The bearded tit flock has become increasingly reliable with as many as 50 individuals together, viewable mainly from Sandy Wall. These are absolutely fantastic to watch at relatively close quarters and a large proportion of them are the attractively marked males with their big black ‘moustaches’ (not beards!).
Kingfishers have been seen regularly from all hides throughout the week.
Bittern sightings have been steady throughout the week, the 08.15 fly by at Fen Hide appears to be fairly reliable, so if you have never seen a bittern before I recommend getting to Fen Hide for 8am and waiting! On Friday a bittern was also seen flying in from a height, which could well have been a migrant bird coming to spend the winter with us.
The tit flocks around the woodland and scrubby areas now contain a decent number of goldcrests, marsh tits, treecreeper and other more standard species.
Marsh harriers have become scarcer in recent weeks as they have largely disappeared to hunt the arable land further afield, however there are certainly five to ten birds being seen with some regularity. A large number of birds have been tagged this year so ensure that any tags that have been read are reported to reception and added to the tag list in our folder.
Buckenham Marshes are beginning to have the more wintery feel to them, with the pink footed geese increasing in number, seven barnacle geese, two white fronted geese, 1 little stint, two avocet, seven dunlin, nine ruff and fifteen snipe. It is still a little early for wigeon to be building in number, we will expect the first flocks once the weather turns a little colder….this northerly wind may well help them along the way.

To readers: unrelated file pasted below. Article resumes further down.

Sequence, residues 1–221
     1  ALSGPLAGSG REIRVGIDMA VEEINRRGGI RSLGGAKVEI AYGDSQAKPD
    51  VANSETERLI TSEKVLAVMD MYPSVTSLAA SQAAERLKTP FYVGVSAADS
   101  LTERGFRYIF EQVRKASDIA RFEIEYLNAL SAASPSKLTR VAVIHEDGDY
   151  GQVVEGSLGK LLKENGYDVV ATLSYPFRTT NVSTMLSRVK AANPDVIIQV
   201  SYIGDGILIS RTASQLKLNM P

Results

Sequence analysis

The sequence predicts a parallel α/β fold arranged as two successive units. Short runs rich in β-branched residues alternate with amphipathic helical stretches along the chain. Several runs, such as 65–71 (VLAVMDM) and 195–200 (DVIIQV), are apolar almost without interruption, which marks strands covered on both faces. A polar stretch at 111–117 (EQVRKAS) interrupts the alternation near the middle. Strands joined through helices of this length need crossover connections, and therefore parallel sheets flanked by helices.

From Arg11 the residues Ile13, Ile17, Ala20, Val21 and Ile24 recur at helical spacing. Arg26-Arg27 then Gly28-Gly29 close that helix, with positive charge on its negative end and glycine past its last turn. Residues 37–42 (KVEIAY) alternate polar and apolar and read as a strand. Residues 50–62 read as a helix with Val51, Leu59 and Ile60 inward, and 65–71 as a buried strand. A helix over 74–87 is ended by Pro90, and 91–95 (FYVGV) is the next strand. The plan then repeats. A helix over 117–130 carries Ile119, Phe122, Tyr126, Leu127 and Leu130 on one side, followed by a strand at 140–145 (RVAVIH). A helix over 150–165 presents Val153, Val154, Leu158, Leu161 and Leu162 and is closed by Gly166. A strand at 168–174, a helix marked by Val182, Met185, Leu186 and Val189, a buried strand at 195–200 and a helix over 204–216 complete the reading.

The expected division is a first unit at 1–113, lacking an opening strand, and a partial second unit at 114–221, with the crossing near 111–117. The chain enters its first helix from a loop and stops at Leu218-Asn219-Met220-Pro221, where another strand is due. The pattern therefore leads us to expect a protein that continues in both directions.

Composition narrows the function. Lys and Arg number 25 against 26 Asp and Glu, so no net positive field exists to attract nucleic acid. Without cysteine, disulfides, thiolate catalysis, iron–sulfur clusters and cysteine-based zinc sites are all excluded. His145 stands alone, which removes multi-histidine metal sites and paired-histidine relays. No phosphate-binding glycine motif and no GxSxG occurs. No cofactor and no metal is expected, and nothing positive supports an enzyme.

Migrant hawkers are the most frequently observed medium sized dragonfly, with common darters and willow emeralds still on the wing along with the last few brown hawkers patrolling the ditches.
The Fen Hide viewpoints have been cut to allow an increased chance of interesting observations, I have also put a new kingfisher perch closer to the hide and carried out some minor landscaping in the hope of attracting snipe and jack snipe to be viewable.
The reserve flooded on Tuesday and we are expecting more high tides today (Friday) and most probably throughout the weekend too. These predicted high tides have been made worse by the northerly wind, I expect the riverbank to Tower Hide and the Lackford Run to have closures throughout the period, so please pay attention to the tide tables, reception volunteers and the signage around the reserve. The woodland trail via Fen Hide should remain open throughout.
If you approach the reserve from the Norwich direction you will encounter some pretty major roadworks underneath the railway bridge in Brundall. The road is currently closed and not scheduled to re-open until 6 December. So the signposted diversion will take you around Lingwood and Strumpshaw, before arriving at the fen. If you are planning to get here for a certain time and are coming from the west I recommend leaving 10 minutes earlier than planned.